Accomplished harpist’s ‘serendipitous’ path brings her to Qualicum Beach

Sarah Mainland, blind since infancy, has played her harp to audiences across Canada and the U.S. || Photo by Kevin Forsyth.
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A Qualicum Beach woman has become an accomplished harpist, after learning to play her instrument by ear.

Sarah Mainland, blind since infancy, has played her harp for audiences across Canada and the U.S. She spent 217 days in neonatal intensive care after being born premature — the oxygen from the respirator caused her retinas to detach and made her blind, according to Joyce Mainland, her mother and caregiver. 

Before learning the harp in her twenties, she played the piano and classical guitar. It was while playing with guitarist Phil Keaggy that she was inspired to learn a new instrument.

Keaggy invited Sarah to his concert in Rochester, N.Y. and while the two played together backstage, he noticed Sarah’s ability with the strings.

“He was watching me play and he was like, ‘God was telling me you should play the harp’ and my mom looked at him and she was like, ‘tell God I just bought her a guitar,’” Sarah said.

She said she took to the instrument quickly and within the first 45 minutes of her first lesson she was playing scales. “I thought it was pretty amazing and I thought, ‘this is the instrument of my choice.’”

After about six years of playing Sarah earned a medal from the Royal Conservatory, one of the largest and most respected music education institutions in the world. “We were all blown away,” said Joyce.

Sarah was born in Vancouver, but she and Joyce lived in Ontario and Kelowna before moving to the island. The two moved to Qualicum Beach earlier this year when a spot opened in an affordable housing unit they were on a waiting list for. The complex is home to single-parent families and seniors — Joyce said they enjoy the mixed-generational living.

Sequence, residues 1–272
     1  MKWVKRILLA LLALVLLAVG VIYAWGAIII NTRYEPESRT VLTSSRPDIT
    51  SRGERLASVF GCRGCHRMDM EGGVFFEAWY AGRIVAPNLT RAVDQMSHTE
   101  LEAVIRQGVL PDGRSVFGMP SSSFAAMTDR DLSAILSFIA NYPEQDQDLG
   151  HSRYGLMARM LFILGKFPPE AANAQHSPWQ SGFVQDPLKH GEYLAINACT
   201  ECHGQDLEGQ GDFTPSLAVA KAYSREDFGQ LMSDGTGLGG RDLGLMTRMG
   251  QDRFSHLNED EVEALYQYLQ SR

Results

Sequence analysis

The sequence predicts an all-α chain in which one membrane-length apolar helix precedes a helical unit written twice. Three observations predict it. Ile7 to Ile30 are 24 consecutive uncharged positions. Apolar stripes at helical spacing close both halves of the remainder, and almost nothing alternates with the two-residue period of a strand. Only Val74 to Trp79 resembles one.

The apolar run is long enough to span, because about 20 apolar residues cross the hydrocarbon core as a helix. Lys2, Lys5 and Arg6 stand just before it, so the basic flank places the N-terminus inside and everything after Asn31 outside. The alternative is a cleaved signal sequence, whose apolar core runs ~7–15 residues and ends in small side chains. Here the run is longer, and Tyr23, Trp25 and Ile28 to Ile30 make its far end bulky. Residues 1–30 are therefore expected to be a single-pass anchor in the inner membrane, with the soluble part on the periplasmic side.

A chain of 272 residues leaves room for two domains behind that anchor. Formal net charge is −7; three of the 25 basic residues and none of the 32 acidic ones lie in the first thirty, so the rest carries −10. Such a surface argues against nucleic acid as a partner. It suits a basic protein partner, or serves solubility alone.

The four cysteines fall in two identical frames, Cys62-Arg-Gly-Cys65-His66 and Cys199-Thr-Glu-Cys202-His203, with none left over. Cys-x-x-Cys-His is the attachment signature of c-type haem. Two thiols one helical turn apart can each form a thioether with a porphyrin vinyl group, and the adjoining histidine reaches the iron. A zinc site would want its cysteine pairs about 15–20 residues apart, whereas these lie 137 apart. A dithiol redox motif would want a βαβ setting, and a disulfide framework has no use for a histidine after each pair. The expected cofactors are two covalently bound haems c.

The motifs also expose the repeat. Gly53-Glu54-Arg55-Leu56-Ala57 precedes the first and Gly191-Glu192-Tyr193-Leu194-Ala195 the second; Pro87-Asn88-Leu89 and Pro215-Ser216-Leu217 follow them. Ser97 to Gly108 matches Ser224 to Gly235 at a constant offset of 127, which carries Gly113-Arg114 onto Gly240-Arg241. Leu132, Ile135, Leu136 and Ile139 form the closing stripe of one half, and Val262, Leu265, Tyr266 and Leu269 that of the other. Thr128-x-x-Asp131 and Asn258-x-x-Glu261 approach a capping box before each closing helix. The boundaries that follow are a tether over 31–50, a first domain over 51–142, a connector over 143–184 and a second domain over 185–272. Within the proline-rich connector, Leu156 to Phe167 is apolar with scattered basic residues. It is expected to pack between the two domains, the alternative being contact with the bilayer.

Sarah and Joyce passed through Qualicum Beach on a trip to Ucluelet several years ago and happened to walk by their future home. They asked a man sitting outside on the steps what it was like to live there and he told them it was paradise, Joyce said.

“I love it. I like going for walks down by the ocean,” said Sarah.

Sarah used to volunteer to play the harp in hospices, long-term care homes and the neonatal intensive care unit at Kelowna General Hospital before pandemic restrictions made it impossible.

“COVID takes all that away from her. And musicians have really suffered because they haven’t been out performing,” said Joyce. She said Sarah is still able to do a little bit of busking for extra money.

“This is really the only way Sarah can make a few extra dollars,” she said. “But she loves it.”

Sarah said she also misses playing the harp at her church in Kelowna, bowling, kayaking and sailing. 

She said she named her harp ‘Dipitous’ because together she and her harp are Sarah’N Dipitous. 

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